Mason Collaborates with Virginia Tech on April 16 Archive
Posted: May 2, 2007 at 1:00 am, Last Updated: November 30, -0001 at 12:00 am
Virginia Tech’s Center for Digital Discourse and Culture announced the launch of the April 16 Archive documenting the tragic murders committed on the Virginia Tech campus that day. The project was developed in cooperation with Mason’s Center for History and New Media (CHNM), and uses technologies that CHNM employs in digital archives such as the September 11 Digital Archive and the Hurricane Digital Memory Bank.
According to the news release issued by Virginia Tech, “This new online archive assists artists, humanists, social scientists and all other scholars who seek, today and in the future, to develop a better understanding of the violent events of April 16, 2007, at Virginia Tech. It is also available to the general public of the Commonwealth of Virginia, the United States of America, and the world at large as we come to terms with a local, national and global event that will have ramifications for years to come.”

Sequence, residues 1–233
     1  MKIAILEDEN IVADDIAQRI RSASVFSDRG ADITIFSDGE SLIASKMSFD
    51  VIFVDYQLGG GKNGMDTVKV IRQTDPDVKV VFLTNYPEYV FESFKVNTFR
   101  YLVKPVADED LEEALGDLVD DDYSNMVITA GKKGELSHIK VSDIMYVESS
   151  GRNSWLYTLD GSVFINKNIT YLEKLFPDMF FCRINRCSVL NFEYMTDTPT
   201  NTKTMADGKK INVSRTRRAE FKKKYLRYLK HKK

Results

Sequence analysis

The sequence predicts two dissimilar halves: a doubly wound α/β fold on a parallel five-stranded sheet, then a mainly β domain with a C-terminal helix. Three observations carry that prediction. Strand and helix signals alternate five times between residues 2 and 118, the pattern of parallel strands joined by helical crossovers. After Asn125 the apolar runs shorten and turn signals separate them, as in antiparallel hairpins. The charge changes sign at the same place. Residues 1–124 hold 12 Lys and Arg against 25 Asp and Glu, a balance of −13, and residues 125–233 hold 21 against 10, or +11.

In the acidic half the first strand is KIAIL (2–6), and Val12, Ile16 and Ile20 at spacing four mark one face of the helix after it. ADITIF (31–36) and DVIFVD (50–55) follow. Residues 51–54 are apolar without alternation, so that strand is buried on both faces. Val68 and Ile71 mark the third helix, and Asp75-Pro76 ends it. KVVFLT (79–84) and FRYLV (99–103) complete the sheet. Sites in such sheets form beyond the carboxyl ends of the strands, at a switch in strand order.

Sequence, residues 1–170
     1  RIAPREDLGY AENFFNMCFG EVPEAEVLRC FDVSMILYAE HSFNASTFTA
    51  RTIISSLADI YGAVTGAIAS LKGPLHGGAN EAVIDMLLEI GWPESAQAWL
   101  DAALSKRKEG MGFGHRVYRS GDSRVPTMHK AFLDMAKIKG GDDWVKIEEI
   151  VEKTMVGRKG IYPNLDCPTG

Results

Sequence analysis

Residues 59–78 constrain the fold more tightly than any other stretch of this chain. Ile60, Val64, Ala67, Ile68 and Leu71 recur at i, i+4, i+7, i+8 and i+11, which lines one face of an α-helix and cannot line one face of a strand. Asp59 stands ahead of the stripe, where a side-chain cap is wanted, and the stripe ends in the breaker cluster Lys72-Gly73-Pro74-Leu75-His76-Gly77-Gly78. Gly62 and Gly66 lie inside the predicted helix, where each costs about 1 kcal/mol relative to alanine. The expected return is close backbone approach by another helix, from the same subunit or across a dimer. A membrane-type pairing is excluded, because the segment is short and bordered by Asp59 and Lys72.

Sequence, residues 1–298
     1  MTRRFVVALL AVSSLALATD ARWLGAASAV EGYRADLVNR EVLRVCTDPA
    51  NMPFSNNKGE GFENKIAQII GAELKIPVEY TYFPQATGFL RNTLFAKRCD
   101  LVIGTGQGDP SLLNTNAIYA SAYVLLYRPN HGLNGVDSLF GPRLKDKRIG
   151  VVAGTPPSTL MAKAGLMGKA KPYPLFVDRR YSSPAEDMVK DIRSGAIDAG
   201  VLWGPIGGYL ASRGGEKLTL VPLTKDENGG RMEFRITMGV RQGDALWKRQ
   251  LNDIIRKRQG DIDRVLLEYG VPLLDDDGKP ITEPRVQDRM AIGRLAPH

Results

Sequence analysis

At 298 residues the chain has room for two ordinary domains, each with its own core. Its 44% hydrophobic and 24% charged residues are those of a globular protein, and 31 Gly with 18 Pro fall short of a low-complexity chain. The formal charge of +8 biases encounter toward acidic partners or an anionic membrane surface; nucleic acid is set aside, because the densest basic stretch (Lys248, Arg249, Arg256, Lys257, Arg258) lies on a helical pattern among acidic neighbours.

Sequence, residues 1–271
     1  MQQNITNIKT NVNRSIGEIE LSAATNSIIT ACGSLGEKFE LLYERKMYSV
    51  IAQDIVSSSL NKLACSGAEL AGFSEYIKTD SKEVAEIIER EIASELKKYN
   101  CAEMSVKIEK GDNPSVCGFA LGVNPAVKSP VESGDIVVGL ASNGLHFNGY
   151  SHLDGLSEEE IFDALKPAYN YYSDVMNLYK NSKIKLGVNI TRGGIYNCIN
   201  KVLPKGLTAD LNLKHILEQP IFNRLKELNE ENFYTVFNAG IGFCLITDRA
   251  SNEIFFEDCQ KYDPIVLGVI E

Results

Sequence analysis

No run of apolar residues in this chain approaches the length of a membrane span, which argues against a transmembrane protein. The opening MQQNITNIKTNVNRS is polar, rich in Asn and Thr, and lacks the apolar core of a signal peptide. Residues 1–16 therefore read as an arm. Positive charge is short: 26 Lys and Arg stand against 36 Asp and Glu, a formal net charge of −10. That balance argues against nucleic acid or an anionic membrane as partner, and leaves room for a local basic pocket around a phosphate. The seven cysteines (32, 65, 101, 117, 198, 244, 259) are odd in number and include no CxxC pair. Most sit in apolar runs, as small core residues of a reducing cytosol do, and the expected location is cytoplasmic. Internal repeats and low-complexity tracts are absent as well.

As with CHNM’s other digital projects, the archive will collect first-hand comments, photos, sound recordings, media reports, personal writings, official statements, individual blog postings and related documents that can be stored as digital files.
In a slightly different twist, the archive will welcome responses from around the world in any language.
“Through this archive, we aim to leave a positive legacy for the larger community and contribute to a collective process of healing, especially as those affected by this tragedy tell their stories in their own words,” the news release stated.
“The attacks happened in Blacksburg, Va., but they were experienced around the world through mass media and community ties. The accounts of that day from any site across the globe are, therefore, very important to the April 16 Archive as it documents the full impact of this tragic event,” the release concluded.
A statement from CHNM read, “The Center for History and New Media is honored to be part of this important project and proud to assist the efforts of our Virginia Tech colleagues to preserve the memory of the recent tragedy in Blacksburg.”